Log In | Become a Member | Contact Us


Leading printing executives into the future

Connect on Twitter | Facebook | LinkedIn

Featured:     European Coverage     Production Inkjet Analysis

Ground Breaking Digital Data Exchange Standard Approve

Monday, January 07, 2002

Press release from the issuing company

The first of a series of International Standards for the exchange of digital data using Adobe's publicly available Portable Document Format (PDF) has been approved by the International Organization for Standardization (ISO). The standard, ISO 15930-1:2001, Graphic technology - Prepress digital data exchange - Use of PDF - Part 1: Complete exchange using CMYK data (PDF/X-1 and PDF/X-1a), is based on an earlier standard developed by the American National Standards Institute (ANSI) accredited Committee for Graphic Arts Standards Technologies (CGATS). The standard is revolutionizing the exchange of material between providers and publishers/printers in the graphic arts industry. This International Standard defines a data format, and its usage, to permit the predictable dissemination, by transfer of a single file, of a completed page to one or more locations as CMYK data, in a form ready for final print reproduction. This file must contain all the content information necessary to process and render the document as intended by the sender. This exchange is platform and transport independent, and requires no prior knowledge of the sending and receiving environments. Thus, it is sometimes referred to as "blind" exchange. The standard defines a specific use of Version 1.3 of PDF. In order to achieve a level of exchange that avoids any ambiguity in interpretation of the file, it identifies a limited set of PDF objects that may be used and adds restrictions to the use, or form of use, of those objects, and/or keys within those objects. It includes two compliance levels, PDF/X-1 and PDF/X-1a,that differ only in their allowed use of OPI references and encryption, which are allowed in PDF/X-1 but not in PDF/X-1a. It is also unique in that it demonstrates a new style of cooperation between the owner of an industry specification and the activities of an international standards body to formalize the use of certain aspects of that specification. Until recently, the most reliable file exchange format for graphic arts applications has been TIFF/IT (ISO 12639:1998, Graphic technology - Prepress digital data exchange - Tag image file format for image technology (TIFF/IT)). It will continue to serve the industry well, but it is requires that all graphic objects and text must be converted to raster data before data can be exchanged using TIFF/IT. PDF/X-1 is the result of a joint effort between ANSI CGATS and ISO TC 130. This work was initially started by CGATS in its development of an ANSI standard (CGATS.12/1-1999). That work was transferred into ISO TC 130 (Graphic Technology) where international cooperation further refined PDF/X to become the current International Standard. Other standards in the PDF/X series under development include Part 2 for "partial exchange" and Part 3 for blind exchange suitable for color-managed workflows. The PDF/X family of standards is intended to meet the need for a standardized file format that will support reliable exchange of files containing object based elements, typically used in many page creation programs, in addition to raster data. A number of industry vendors have participated in the development of this standard, and implementations are already available. Copies of ISO 15930-1 (PDF/X-1) are being made available for $50.00. Members of NPES The Association for Suppliers of Printing, Publishing and Converting Technologies receive a 10% discount. The report can be obtained by contacting the NPES Publications Department at 1899 Preston White Drive, Reston, Virginia 20191-4367, telephone: 703/264-7200, fax: 703/620-0994, e-mail: orders@npes.org.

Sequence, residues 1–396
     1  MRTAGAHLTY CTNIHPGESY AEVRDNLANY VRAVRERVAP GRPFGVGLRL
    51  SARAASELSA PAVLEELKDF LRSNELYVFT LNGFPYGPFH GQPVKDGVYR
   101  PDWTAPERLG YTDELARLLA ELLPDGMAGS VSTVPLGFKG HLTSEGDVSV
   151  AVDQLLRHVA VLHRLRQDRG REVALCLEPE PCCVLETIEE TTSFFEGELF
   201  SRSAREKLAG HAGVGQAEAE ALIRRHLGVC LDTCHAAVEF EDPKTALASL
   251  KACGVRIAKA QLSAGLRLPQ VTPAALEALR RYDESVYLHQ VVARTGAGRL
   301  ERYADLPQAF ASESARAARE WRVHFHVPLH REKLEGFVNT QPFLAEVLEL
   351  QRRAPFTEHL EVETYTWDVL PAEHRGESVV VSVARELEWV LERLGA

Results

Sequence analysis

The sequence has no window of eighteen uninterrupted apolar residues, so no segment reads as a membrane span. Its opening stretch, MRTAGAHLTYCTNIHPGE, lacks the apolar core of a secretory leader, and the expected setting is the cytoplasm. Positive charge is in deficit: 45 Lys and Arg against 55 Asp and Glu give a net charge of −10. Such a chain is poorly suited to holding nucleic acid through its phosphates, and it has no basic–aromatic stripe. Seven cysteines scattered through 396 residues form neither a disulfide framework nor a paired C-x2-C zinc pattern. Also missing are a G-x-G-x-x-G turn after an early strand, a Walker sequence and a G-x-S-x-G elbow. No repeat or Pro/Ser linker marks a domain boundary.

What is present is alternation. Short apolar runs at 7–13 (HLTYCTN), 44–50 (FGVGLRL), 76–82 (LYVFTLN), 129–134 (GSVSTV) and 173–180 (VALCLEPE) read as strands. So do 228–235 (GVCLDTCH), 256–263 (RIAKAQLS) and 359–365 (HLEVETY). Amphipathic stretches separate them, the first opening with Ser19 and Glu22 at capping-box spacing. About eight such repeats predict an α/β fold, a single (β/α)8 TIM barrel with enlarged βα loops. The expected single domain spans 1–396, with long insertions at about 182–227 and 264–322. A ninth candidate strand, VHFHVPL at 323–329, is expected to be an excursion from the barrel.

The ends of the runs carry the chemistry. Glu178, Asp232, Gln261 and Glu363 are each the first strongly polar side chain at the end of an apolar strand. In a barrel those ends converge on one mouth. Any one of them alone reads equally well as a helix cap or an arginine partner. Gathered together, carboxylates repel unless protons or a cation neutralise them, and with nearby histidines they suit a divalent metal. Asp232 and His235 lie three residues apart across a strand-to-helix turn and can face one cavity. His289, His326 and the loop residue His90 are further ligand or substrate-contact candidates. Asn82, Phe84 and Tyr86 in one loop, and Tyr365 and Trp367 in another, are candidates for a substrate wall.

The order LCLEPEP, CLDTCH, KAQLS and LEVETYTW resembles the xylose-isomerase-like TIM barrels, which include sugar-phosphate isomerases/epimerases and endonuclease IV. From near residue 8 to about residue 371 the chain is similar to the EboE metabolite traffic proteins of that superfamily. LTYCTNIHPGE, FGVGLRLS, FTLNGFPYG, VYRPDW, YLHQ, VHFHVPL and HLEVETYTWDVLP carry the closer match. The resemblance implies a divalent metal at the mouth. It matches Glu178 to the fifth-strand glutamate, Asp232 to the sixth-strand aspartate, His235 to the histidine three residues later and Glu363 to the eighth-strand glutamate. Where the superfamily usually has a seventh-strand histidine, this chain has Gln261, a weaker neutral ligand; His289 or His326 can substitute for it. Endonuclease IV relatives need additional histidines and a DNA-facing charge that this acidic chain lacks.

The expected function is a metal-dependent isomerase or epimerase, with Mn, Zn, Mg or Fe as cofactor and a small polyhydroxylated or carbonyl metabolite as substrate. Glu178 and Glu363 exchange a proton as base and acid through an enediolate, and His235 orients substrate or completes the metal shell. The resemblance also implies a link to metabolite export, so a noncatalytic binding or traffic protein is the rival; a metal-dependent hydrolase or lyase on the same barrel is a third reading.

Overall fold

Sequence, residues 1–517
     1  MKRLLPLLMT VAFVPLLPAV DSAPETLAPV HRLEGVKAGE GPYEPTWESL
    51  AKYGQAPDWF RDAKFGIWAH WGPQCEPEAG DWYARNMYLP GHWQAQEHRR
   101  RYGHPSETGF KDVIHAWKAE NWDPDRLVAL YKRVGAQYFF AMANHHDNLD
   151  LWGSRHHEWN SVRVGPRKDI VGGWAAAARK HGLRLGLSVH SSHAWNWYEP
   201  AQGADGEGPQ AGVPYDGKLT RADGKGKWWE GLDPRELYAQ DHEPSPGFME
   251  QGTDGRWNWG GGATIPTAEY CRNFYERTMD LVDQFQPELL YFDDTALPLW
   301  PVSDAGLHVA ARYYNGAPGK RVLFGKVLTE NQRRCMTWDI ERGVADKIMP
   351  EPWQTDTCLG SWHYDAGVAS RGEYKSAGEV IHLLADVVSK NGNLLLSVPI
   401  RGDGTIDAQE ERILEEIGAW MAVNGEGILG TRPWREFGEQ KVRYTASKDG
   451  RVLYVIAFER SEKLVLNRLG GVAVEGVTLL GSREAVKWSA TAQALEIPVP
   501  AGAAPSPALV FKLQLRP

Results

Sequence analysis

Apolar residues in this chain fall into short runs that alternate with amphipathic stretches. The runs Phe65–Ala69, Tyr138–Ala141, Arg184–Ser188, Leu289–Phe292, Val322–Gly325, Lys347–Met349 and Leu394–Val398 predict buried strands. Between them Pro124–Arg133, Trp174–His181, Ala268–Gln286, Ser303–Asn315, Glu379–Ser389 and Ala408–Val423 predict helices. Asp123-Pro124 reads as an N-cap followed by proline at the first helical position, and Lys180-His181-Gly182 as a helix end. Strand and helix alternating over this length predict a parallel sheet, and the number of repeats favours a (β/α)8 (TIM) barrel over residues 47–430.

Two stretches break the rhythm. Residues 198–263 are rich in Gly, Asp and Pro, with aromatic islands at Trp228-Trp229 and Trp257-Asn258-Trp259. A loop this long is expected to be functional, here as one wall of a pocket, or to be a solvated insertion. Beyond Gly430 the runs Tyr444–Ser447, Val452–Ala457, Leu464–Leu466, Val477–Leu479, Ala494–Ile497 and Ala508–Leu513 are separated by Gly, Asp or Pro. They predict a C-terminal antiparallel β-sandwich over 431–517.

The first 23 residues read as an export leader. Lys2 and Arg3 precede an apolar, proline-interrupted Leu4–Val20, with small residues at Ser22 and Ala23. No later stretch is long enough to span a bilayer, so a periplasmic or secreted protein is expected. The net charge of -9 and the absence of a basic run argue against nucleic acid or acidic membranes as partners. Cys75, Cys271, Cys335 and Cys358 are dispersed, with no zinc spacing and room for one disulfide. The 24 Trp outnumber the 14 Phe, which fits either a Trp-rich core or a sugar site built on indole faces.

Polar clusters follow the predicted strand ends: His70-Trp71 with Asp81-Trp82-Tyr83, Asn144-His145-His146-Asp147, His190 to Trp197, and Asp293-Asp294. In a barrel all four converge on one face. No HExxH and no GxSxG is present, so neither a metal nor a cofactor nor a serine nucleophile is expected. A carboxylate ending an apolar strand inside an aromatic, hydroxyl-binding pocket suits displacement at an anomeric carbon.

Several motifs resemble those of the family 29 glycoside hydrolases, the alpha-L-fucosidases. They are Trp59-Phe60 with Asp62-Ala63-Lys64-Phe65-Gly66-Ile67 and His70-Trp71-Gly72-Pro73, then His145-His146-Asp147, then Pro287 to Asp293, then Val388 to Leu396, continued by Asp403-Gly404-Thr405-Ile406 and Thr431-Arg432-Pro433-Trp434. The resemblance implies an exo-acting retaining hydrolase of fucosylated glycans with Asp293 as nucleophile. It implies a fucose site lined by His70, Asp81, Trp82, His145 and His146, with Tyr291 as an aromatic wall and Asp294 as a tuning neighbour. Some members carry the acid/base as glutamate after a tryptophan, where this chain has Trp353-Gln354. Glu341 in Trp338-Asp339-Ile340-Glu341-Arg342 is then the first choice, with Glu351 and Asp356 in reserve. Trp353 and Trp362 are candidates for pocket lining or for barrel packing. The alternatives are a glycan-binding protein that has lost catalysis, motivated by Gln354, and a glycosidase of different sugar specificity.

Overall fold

SHARE

Email Icon Email

Print Icon Print

Become a Member

Join the thousands of printing executives who are already part of the WhatTheyThink Community.

Copyright © 2016 WhatTheyThink. All Rights Reserved